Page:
The Electrical Service (ES) is the point of contact between the external wires that come from the street and your home’s internal electrical system. It is the hub of your home’s electrical system, connecting you to 240-volt power and providing a safe and convenient way to use electricity. You can visit your electric service panel many times throughout the year to check the amperage, add circuits for new appliances or even repair an existing one. Understanding what you’re dealing with and how it works will keep you safe as you work.
The main electricity that reaches your house comes from the power utility company via two 120-volt service wires offering a combined 240-volt service, or more specifically, a pair of insulated copper conductors called “service entrance conductors” that feed directly into your electrical meter at the front of your house. These service wires can enter your home through overhead service masts that connect to the meter base, or they can be buried underground from the point of connection at the meter base to your home’s metal riser or service entrance cable (SER or SEU).
Overhead electrical services are becoming less and less common due to municipal design standards and utility regulations favoring underground installations. However, they can still be seen across the country and may be found in older neighborhoods or rural settings where overhead wires are preferred for aesthetic reasons or because of environmental conditions such as winter ice storms. Underground utilities are more dependable, safe and can’t be damaged by vehicles.
Your electricity’s first stop once it gets to your house is your service panel, also referred to as an electric distribution center or electrical service box. The electrical panel consists of a main electrical panel, sometimes referred to as a service panel or electric service panel, and exit wires that go out to different areas of your home. The main panel contains a circuit breaker for each of these exit wires, and the number of outlets and the amount of electricity you’re able to run at any given time is dependent on how many of these breakers are flipped open.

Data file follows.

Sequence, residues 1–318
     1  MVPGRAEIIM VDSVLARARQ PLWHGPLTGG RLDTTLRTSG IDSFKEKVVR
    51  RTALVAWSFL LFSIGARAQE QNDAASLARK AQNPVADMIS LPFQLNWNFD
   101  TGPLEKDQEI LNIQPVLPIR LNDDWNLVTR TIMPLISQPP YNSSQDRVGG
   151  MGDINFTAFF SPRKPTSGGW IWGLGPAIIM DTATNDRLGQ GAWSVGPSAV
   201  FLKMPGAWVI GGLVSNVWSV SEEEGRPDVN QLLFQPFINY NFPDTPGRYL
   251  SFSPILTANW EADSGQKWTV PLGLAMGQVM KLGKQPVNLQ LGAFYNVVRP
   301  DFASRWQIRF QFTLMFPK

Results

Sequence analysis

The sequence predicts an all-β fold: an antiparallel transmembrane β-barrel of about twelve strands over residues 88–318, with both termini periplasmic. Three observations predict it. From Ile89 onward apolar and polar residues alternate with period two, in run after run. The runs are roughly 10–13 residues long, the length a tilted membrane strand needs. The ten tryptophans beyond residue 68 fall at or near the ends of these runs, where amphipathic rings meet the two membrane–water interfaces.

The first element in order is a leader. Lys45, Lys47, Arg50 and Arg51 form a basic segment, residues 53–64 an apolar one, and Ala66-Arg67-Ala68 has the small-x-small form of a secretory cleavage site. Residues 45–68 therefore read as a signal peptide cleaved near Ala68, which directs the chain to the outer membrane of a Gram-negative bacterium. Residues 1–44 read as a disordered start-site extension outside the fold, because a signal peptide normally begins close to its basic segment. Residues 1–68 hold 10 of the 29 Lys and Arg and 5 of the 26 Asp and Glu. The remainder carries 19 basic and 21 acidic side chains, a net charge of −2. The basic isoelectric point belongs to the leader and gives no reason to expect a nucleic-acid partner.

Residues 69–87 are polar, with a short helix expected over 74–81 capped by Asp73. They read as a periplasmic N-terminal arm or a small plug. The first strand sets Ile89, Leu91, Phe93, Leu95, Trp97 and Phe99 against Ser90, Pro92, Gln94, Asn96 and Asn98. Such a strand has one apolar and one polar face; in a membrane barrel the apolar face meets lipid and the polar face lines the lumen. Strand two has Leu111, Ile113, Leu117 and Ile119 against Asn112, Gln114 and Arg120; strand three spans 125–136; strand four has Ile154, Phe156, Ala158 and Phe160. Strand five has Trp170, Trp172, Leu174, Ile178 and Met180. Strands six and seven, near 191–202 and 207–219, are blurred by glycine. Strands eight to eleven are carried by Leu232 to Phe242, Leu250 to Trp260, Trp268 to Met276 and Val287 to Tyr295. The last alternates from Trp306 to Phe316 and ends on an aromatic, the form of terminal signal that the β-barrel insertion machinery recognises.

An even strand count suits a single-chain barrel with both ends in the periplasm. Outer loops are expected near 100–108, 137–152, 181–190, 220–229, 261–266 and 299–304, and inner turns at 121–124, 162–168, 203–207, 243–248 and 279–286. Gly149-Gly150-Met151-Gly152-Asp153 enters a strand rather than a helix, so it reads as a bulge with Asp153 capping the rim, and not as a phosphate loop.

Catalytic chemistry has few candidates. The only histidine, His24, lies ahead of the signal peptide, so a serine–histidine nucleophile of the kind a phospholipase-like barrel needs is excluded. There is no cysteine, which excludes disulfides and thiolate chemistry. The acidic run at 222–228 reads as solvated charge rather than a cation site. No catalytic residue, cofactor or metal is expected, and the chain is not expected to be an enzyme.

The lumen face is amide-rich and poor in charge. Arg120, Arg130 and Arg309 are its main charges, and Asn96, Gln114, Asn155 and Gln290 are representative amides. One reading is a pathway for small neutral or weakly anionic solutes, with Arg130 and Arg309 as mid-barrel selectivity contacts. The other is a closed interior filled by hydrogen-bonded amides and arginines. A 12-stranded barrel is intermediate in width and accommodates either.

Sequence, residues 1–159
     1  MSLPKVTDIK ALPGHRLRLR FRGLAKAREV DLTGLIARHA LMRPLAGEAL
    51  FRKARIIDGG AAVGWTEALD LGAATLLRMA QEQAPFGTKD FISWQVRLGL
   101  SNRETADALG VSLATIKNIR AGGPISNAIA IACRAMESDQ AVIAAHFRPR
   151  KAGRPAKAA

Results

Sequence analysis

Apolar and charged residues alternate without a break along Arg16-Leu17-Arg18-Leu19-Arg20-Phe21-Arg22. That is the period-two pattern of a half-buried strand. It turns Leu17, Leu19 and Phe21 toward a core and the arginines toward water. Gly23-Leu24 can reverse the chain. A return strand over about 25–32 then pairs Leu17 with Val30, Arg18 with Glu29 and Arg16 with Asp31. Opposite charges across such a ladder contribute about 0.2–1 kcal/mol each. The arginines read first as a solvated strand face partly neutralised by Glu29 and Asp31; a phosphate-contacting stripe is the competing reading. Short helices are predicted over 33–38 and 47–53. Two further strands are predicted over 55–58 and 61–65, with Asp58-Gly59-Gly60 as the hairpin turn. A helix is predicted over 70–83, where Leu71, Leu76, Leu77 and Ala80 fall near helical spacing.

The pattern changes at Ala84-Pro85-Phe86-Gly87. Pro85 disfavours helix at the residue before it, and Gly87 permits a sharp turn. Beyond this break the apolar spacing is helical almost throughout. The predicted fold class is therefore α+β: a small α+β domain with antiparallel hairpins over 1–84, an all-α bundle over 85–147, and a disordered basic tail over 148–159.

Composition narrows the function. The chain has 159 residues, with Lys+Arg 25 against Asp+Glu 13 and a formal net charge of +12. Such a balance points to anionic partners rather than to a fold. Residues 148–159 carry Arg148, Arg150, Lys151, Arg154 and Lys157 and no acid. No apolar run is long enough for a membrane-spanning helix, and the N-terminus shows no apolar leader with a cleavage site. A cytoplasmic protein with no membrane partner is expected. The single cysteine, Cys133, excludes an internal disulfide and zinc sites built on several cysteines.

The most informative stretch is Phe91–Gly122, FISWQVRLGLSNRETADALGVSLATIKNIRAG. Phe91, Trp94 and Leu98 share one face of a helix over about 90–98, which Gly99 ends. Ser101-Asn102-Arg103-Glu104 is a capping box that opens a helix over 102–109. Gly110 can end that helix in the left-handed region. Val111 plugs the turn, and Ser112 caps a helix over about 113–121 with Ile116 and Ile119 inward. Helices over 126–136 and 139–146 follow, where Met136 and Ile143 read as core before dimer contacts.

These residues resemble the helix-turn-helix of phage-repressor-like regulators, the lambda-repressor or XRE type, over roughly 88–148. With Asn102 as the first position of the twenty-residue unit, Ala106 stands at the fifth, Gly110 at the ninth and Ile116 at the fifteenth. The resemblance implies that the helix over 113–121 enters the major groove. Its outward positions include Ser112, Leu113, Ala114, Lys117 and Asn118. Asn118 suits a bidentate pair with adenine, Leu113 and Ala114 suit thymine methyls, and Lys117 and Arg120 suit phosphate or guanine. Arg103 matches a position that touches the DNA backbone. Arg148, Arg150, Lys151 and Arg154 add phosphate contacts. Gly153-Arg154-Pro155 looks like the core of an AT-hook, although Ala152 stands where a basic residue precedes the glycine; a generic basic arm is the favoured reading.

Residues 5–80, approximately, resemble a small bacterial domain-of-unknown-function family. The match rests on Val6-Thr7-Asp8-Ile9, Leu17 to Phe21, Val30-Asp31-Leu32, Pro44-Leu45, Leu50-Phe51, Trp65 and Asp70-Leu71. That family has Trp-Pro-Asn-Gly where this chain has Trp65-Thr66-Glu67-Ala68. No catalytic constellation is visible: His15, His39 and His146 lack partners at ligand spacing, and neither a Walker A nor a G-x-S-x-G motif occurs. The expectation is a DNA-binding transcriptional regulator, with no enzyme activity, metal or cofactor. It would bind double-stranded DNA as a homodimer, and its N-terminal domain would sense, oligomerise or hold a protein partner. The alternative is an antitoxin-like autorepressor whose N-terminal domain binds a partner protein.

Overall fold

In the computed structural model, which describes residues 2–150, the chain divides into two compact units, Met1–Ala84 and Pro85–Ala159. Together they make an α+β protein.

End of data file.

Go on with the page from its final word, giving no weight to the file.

You’ll also see in most residential homes a secondary panel, often known as an electrical subpanel. This is typically used to accommodate additional circuits and breakers added as part of a home addition or remodel. These panels are also commonly installed in larger commercial properties, such as manufacturing plants, to support advanced equipment that requires high amounts of electricity to function properly.
Before you start working on your electrical system, be sure to be especially careful of any areas around the electrical panel box that are exposed. Touching these can cause serious injury if you get a direct current (DC) shock. This is because the exposed areas are conductive, meaning that if you’re carrying a tool such as a screwdriver or wrench, it may be touching parts of the service wires and transmitting an electric charge to your body.